Unsalted butter, also called sweet butter, is usually used in baking or when additional salt is unwanted in a recipe. The term unsalted means no salt is added during manufacturing -- it does not mean that there is no salt at all. Foods contain natural salts in the form of sodium, and the same goes for unsalted butter. The presence of these natural salts, along with safe manufacturing practices, makes rushing the butter back to the refrigerator after use unnecessary.
Microorganisms that grow in butter are responsible for spoilage. The salts in butter are natural preservatives that slow the growth of these microorganisms, increasing shelf life. While salted butter contains added salts that make spoilage a rarity, John Bruhn, a dairy-foods processing specialist at the University of California at Davis explains in an article for “Real Simple” that the natural salts present in unsalted butter are enough to keep it from spoiling for as long as a week without refrigeration.
Butter undergoes a pasteurization process before it is packaged and transported to the supermarket. This process heats the butter to temperatures high enough to kill bacteria. Pasteurization, coupled with the fact that butter contains little water, and plenty of natural salts, makes it unlikely that eating it would cause any type of serious food-borne illness -- unrefrigerated or not, notes Douglas Holt, Ph.D., Chair of Food Science Program & State Extension Specialist for Food Safety, University of Missouri-Columbia.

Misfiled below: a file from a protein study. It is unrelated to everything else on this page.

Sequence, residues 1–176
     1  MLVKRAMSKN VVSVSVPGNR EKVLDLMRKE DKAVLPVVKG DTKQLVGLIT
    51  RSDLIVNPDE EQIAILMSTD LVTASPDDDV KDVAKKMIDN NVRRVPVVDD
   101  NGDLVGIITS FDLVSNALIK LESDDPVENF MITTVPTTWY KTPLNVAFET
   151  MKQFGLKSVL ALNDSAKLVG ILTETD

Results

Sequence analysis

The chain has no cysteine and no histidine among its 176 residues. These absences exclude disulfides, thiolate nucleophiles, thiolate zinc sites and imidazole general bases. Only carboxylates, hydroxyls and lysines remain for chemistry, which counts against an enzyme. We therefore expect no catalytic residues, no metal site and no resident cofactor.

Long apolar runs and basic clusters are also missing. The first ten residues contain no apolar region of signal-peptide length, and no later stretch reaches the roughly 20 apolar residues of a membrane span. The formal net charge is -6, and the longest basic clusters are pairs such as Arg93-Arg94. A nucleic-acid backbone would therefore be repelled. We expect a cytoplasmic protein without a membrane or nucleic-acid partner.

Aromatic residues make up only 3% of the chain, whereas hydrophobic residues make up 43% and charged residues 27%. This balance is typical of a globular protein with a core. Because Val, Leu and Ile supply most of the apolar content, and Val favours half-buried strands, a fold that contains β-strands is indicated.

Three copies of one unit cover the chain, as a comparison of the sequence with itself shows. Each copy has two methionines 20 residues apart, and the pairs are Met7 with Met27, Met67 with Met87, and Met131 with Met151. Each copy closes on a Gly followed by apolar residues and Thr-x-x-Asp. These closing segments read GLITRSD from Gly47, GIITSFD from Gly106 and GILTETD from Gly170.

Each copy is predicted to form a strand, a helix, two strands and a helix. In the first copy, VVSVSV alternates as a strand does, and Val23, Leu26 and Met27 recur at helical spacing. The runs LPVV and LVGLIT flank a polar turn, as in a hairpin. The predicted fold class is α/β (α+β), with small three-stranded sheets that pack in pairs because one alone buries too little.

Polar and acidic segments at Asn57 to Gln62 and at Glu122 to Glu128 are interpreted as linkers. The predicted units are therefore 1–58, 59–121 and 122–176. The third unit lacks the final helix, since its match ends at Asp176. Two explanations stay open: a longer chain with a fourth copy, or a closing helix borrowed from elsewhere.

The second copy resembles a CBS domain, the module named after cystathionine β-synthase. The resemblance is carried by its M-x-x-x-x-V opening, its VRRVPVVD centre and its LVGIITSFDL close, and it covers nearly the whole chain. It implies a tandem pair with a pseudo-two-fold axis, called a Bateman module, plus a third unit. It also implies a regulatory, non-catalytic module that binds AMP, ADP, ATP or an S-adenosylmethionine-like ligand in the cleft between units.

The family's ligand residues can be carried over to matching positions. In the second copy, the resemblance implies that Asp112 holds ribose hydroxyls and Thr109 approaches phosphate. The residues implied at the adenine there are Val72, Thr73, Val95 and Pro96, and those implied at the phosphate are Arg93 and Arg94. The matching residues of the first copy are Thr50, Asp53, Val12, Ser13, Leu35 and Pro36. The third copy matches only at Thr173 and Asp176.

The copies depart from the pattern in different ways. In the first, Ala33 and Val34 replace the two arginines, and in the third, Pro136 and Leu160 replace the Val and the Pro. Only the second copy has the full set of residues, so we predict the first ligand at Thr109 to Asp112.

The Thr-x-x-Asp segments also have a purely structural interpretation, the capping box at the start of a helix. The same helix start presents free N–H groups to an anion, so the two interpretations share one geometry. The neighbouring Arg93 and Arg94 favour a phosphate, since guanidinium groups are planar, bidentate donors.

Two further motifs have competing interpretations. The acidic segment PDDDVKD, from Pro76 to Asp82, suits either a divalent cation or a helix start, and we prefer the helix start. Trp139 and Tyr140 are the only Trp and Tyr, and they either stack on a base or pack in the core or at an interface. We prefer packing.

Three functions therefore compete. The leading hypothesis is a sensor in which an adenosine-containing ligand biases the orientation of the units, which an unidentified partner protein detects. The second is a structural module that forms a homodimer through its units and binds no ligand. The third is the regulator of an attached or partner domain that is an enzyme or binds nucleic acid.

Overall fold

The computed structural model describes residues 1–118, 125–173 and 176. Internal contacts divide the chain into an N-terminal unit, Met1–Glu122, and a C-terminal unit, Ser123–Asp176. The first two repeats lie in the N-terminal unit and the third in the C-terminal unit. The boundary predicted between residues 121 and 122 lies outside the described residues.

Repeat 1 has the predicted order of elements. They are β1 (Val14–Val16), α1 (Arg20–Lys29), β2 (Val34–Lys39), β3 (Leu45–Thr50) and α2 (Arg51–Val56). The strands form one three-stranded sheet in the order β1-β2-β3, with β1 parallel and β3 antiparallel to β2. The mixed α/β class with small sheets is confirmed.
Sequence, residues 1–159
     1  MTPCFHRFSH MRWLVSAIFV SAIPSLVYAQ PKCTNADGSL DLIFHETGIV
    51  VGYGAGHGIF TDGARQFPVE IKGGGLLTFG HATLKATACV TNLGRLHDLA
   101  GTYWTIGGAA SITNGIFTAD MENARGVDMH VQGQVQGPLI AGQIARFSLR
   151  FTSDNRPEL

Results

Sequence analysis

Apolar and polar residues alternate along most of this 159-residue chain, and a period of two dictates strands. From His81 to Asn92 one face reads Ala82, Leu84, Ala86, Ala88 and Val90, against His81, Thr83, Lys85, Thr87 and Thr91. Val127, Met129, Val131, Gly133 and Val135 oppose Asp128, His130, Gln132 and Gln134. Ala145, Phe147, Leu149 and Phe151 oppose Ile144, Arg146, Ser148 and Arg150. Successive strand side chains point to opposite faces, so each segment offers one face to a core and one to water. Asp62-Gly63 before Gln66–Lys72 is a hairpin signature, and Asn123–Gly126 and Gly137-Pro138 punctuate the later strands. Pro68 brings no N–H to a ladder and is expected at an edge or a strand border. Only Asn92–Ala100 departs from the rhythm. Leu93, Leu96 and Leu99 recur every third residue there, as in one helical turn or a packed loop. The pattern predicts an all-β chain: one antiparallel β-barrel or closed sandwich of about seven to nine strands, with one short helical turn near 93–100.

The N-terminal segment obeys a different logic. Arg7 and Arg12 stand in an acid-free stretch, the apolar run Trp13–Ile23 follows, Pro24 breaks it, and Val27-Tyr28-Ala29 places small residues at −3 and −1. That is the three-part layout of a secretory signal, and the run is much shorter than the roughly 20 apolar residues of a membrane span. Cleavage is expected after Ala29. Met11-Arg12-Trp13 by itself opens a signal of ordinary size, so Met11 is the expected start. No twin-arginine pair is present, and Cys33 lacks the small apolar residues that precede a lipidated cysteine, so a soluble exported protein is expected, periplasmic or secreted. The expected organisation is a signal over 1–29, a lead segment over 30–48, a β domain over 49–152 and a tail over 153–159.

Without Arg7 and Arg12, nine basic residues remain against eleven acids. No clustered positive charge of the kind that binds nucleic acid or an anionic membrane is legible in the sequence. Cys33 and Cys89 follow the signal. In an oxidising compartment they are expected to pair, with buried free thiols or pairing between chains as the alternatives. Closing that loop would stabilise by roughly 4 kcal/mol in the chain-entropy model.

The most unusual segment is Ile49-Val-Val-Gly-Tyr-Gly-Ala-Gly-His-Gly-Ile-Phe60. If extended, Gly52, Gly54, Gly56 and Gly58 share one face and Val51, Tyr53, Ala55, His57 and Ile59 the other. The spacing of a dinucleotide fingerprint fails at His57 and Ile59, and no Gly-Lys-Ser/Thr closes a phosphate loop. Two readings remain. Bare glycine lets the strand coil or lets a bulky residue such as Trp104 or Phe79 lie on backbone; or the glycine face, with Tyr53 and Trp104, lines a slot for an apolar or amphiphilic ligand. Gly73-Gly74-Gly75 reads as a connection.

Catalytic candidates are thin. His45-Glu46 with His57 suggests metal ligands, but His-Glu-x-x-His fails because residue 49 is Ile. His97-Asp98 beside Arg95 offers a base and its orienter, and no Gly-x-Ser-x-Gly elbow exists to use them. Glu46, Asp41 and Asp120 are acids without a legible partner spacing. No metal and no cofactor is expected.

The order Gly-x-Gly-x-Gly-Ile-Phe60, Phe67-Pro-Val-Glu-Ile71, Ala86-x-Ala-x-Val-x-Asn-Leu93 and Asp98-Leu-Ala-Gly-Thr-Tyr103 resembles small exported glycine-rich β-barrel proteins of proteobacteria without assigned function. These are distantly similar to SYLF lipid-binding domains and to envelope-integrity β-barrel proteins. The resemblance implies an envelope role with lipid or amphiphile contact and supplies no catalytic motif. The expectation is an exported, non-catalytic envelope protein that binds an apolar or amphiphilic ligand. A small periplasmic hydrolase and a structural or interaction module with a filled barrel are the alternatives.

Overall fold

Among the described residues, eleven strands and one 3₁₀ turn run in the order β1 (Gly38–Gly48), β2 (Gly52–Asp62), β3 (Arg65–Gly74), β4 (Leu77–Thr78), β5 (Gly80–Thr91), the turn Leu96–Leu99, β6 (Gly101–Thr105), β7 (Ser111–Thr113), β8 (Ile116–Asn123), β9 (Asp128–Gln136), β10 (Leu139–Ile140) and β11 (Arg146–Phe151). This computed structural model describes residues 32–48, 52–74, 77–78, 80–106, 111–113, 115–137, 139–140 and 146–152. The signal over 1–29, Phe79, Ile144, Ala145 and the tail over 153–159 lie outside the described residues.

If you prefer your unsalted butter soft and easily spreadable, you may prefer to store it in a butter crock on your counter instead of the refrigerator. Long before refrigeration, people stored their butter in earthenware pots. The crocks keep the butter fresh and protected from outside air. Packing butter into the lid and filling the base with water -- saltwater for unsalted butter -- creates a seal that keeps the butter at room temperatures even when the outside air is as high as 80 degrees Fahrenheit.
The U.S. Department of Agriculture recommends storing butter in the refrigerator, wrapped in its original packaging, to maintain quality. To ensure it is soft when you need it, remove the butter from the refrigerator 10 to 15 minutes before you spreading. If your refrigerator goes out during a power outage, unlike milk and eggs, butter and margarine is safe unrefrigerated for more than 2 hours.
- Real Simple: Cooking Myths Debunked
- University of Missouri Extension: Food Safety
- WebExhibits: Fresh Tasting Butter in Your Butter Crock
- James Sloss Pottery: French Butter Dish
- U.S. Department of Agriculture: How to Buy Butter
- Foodsafety.gov: Refrigerated Food and Power Outages: When to Save and When to Throw Out
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